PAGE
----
Last weekend I had a great priviledge of doing a two hour training on poverty for Raleigh’s Support Circles. Support Circles is a program of Catholic Charities. It matches up small groups of congregational volunteers with homeless households to provide them social support as these households move to self-sufficiency. I spend some time defining poverty, sharing some of the most recent data and talking about how poverty impacts health and education. As part of the discussion, one of the support circle volunteers asked me, “You haven’t talked about personal responsibility? Don’t you believe that people have personal responsbility to improve their situation?” Of course, this comment comes during the week following Mitt Romney’s comments regarding the 47% who believe they are entitled to public support and do not take personal responsibility to care for their lives. So perhaps talking about personal responsibility and poverty is a timely thing to talk about.
I just saw this article written by a woman who was on welfare and shook my head. I remember many variations of this story when I was working as Genesis Home’s Executive Director. It was true, the majority of families who found themselves homeless and living in this transitional housing program were in a temporary situation. However, they needed some government assistance to move out of their current situation, a homeless shelter, and needed to continue that assistance until they were stable.
So as I thought about the volunteer’s question on Saturday, I asked the question: What in your life have you been able to control, and what in your life have you not been able to control? In my own life, there were things I could control and things I couldn’t control. When I can’t control something, I don’t feel like I can take responsibility. Suppose I have a job, and I am laid off because the plant is moving overseas. Am I responsible? No. Am I going to need assistance to make ends meet? If I haven’t managed to save up enough, I might need unemployment assistance. Do I have control over getting a new job? Well, not really, that is dependent upon an employer’s decision, not mine. I do have control over completing applications, preparing for interviews, and ensuring I make a good impression, but even a good impression is someone else’s judgement of me. However, what if jobs are scarce in my community? Do I settle for a part-time position, with no benefits? Perhaps. After all that is in my control and having some income is helpful. What happens though, if in the cycle of applying for jobs and getting rejected, I feel discouraged? Hmm. It begins to feel as if I have no control, frustration rises, and I’m hooked into a cycle of feeling like the system is against me. Guess what, it is going to be hard for me to take responsibility; particularly if it feels like things are spiraling out of my control.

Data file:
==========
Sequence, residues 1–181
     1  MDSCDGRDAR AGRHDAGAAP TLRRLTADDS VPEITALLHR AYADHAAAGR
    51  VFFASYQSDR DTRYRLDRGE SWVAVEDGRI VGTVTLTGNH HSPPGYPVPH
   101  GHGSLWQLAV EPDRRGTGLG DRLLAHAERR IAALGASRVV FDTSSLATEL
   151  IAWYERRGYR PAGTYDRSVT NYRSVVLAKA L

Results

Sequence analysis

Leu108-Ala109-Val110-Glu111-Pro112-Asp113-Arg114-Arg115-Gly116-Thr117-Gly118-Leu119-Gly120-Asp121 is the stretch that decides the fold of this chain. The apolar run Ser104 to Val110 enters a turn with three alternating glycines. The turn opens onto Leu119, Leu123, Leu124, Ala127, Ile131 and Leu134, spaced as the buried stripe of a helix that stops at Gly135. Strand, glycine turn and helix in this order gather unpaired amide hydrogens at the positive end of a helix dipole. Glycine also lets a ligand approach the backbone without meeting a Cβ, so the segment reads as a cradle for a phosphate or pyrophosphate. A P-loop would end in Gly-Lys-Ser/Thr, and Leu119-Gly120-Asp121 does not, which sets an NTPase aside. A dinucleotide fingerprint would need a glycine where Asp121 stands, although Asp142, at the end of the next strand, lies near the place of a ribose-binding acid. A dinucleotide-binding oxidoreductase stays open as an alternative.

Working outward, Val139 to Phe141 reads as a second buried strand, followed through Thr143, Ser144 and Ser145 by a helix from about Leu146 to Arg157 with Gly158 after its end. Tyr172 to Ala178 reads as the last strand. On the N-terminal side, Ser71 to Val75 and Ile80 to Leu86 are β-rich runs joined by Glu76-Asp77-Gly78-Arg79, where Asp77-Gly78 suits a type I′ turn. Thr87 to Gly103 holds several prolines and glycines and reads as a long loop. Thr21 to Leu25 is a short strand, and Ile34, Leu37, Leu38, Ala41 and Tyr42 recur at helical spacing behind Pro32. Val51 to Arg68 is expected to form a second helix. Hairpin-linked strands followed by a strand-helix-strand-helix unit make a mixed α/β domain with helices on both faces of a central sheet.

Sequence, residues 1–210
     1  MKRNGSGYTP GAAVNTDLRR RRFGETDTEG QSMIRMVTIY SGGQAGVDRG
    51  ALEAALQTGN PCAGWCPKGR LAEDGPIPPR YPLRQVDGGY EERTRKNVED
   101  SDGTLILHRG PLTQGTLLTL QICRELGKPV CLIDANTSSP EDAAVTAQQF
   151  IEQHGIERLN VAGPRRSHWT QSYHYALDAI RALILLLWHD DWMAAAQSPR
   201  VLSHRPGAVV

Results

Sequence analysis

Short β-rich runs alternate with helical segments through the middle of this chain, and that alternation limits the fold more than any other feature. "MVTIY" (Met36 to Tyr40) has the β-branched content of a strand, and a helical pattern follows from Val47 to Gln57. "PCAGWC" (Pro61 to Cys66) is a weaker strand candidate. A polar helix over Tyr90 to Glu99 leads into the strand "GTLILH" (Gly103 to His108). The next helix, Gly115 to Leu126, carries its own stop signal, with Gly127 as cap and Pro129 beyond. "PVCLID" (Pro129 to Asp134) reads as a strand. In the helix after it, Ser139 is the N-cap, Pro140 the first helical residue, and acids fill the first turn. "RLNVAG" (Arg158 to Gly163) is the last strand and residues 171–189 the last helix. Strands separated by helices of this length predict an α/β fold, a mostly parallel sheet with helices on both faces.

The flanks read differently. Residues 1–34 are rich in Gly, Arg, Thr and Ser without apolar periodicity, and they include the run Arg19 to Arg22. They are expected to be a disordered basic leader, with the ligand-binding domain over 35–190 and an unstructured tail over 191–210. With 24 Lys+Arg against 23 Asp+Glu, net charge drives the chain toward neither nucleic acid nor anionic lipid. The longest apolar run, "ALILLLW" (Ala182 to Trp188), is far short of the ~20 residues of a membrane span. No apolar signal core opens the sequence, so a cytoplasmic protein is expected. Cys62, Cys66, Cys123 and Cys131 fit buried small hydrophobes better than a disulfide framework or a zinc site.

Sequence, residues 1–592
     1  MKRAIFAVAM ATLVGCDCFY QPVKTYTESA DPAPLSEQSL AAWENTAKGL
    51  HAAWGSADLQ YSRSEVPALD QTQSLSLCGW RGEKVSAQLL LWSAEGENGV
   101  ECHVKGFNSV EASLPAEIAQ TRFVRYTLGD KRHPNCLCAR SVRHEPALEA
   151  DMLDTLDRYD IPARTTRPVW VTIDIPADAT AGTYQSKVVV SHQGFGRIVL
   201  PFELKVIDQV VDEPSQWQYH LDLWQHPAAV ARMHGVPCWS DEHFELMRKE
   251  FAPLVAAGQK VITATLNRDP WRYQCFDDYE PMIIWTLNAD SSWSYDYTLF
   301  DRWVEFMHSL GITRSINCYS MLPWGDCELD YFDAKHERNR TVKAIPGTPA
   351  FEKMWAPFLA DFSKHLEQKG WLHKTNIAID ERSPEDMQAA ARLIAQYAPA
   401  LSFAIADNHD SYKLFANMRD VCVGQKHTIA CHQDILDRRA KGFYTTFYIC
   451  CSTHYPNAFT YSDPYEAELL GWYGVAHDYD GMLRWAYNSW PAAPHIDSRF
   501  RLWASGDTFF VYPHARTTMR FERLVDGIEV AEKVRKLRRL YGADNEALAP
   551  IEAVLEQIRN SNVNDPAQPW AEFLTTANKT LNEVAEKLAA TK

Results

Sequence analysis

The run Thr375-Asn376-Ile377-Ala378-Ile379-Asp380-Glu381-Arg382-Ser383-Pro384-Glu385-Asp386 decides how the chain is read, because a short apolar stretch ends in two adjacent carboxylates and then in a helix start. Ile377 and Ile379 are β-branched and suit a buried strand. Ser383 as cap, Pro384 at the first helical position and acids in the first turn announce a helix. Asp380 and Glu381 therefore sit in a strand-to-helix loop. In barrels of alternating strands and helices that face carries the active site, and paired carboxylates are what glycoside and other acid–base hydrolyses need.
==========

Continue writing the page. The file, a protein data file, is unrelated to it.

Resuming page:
The good thing is that I have a support system that would help me think about what I can and can’t control. Some individuals and families may not have that support. I’m glad the Support Circle volunteers are asking these tough questions and talking about what they can do to help. Sometimes personal responsibility can seem elusive, but when we help others discern what they can and can’t control, and help them understand the small steps to take, confidence will lead to greater personal responsibility and that is another step in the process toward self sufficiency.
Image from caregiverland.com